Remembrance Walk 2016


The Friends of Holbeck Cemetery invite you to join them on their annual Remembrance Walk on Sunday 13th November at 2:30 pm. Please meet at the main gates on Fairfax Road, off Cemetery Road. We will focus on some of those who served at the Somme , as this year is the 100th anniversary of that event. Each grave has its own story to tell of the lives of ordinary people like you and me.Please help us to remember them.

cross of sacrifice

I thought some of you may be interested in the background to the  Commonwealth War Graves Commission headstones which can be clearly seen scattered throughout the cemetery.In fact Holbeck Cemetery has 87 of these stones and they are looked after by the CWGC

HK Banks

At the beginning of WW1, a man called Fabian Ware , too old to serve in the army, arrived in France in September 1914 to lead a mobile unit of the Red Cross. He soon noticed that there was no one in charge of marking and recording the graves of those killed. He reported ,“Many graves are frequently under fire and inaccessible.I regret to say that not only have a large number of bodies been destroyed beyond all recognition   by the enemy’s fire before burial but that the  traces of graves themselves have in a large number of cases been obliterated.”

The Commission decided to use headstones rather than crosses to mark the graves , simpler to produce,stood up  better and had more room for inscriptions.This did upset some people who wanted a cross.Some families wanted to choose their own headstone . The Commission felt that ‘costly monuments put up by the well-to-do over their dead would contrast unkindly with those humbler ones which would be all the poorer folk could afford ‘, and that headstones should be uniform, to honour everyone equally.Overcoming massive problems of lack of manpower, transport and materials ( enough stone  for 700,000 headstones to begin with ) the Commission managed *’ the biggest single bit of work since any pharaohs.’*Rudyard Kipling.

When the USA entered the war, they promised to bring back home any of their citizens killed in action. Commonwealth governments had not made  any such commitment , and in any case , the scale of their losses were many times greater. The Commission decided that ‘to allow the removal ( of bodies) by a few families( of necessity only those who could afford the cost) would be contrary  to the principle of equality of treatment.’ They thought it would be much more fitting if ‘those who fought and fell together, officers and men, lay together in their last resting place , facing the line they gave their lives to maintain.’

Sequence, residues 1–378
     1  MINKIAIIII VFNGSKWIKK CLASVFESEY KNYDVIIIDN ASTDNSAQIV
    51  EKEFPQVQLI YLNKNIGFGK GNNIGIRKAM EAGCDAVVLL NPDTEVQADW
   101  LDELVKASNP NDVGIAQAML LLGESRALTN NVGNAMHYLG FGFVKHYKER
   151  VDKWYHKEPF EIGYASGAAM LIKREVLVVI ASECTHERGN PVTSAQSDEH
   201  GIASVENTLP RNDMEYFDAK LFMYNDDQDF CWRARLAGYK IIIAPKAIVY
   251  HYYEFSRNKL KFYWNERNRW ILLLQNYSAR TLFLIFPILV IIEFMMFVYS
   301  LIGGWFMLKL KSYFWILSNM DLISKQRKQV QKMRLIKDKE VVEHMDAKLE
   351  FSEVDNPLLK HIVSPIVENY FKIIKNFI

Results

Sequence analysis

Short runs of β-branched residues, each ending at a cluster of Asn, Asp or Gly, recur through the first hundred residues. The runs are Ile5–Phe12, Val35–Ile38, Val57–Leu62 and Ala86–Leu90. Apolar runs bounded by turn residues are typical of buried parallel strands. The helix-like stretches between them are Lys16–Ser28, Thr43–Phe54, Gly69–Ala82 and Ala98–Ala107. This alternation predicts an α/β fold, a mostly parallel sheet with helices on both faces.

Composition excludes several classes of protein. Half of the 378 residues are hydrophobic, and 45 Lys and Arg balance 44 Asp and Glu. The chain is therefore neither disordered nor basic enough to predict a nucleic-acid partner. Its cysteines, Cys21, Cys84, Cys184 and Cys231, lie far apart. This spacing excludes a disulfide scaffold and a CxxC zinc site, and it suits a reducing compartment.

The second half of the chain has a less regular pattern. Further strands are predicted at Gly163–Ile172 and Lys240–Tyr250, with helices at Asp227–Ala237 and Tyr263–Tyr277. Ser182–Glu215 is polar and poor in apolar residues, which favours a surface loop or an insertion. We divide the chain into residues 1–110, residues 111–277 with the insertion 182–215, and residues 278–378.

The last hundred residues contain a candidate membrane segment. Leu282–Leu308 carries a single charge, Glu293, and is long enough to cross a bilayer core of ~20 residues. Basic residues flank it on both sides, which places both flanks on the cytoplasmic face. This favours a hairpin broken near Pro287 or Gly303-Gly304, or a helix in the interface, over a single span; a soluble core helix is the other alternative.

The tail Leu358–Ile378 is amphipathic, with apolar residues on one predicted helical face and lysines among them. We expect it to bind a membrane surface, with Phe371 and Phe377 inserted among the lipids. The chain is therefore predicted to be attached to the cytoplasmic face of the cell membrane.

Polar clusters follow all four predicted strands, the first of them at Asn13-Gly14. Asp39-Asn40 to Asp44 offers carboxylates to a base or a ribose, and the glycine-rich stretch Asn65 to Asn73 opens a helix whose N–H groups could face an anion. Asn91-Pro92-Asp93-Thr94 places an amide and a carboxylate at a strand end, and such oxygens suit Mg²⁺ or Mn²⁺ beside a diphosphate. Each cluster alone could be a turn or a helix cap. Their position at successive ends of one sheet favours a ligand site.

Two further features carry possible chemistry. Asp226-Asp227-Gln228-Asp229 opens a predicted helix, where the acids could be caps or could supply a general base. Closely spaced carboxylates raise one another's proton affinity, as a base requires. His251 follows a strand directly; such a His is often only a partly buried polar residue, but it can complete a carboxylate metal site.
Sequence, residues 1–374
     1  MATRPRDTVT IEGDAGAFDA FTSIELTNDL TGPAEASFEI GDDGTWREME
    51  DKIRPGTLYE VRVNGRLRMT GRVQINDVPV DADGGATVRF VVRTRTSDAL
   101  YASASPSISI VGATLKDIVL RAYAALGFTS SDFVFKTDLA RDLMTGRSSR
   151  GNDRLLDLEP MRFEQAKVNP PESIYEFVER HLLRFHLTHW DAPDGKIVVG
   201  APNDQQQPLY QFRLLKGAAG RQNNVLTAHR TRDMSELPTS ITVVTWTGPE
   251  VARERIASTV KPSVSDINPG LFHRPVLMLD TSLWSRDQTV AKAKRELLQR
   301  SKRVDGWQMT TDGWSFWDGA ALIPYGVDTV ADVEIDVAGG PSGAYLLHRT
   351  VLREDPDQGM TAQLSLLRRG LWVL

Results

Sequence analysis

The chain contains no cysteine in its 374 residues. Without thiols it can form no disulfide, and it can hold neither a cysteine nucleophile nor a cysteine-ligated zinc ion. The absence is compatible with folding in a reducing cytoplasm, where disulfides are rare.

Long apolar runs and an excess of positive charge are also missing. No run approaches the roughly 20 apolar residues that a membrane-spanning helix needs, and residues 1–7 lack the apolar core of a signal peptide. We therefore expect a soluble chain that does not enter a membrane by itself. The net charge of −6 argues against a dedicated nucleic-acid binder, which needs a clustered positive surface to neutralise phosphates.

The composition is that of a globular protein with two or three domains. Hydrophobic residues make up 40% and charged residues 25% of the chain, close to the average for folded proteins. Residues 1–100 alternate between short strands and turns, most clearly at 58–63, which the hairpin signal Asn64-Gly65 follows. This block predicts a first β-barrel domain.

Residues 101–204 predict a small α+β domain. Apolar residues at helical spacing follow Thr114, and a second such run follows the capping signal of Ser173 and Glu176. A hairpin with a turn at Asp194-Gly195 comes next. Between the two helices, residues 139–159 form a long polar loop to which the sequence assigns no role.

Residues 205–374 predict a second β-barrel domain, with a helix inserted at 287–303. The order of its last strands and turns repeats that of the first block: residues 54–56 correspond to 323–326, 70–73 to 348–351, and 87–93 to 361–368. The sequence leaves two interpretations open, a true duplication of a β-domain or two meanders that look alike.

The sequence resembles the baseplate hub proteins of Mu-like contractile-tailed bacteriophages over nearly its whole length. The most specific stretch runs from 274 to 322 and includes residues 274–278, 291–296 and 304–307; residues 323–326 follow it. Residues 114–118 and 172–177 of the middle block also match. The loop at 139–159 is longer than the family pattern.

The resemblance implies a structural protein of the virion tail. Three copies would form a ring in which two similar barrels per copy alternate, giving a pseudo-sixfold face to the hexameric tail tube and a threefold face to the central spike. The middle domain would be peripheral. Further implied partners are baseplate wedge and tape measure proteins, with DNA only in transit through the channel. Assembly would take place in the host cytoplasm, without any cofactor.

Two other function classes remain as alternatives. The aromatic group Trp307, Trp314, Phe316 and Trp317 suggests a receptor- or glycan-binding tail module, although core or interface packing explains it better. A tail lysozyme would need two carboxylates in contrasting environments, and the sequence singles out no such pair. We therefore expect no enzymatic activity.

When the First World War ended in November 1918 barely half of the Western Front’s dead  had been given a proper burial in a designated military  cemetery. The battle fields were strewn with hundreds of hastily made ‘soldiers’ cemeteries, some little more than clusters of graves in fields , by roadsides or canal banks. Thousands lay in No Man’s Land. Men . Post war  clearance began in earnest in 1919.  Men served in special Graves Concentration  units ( initially volunteers from infantry and labour units) Later it was felt necessary to directly recruit men into the Labour Corps for a limited period of service. As can be imagined this was  a very difficult task for the men employed not only having to work in  a desolate, devastated  landscape but  the additional hazards  from rusting battlefield  debris and unexploded ordnance. These men definitely earned their extra pay’.

More details about the work of the Commissioner can be found on their interesting website , which also feature details of cemeteries throughout the world and details of service men and women who died in service.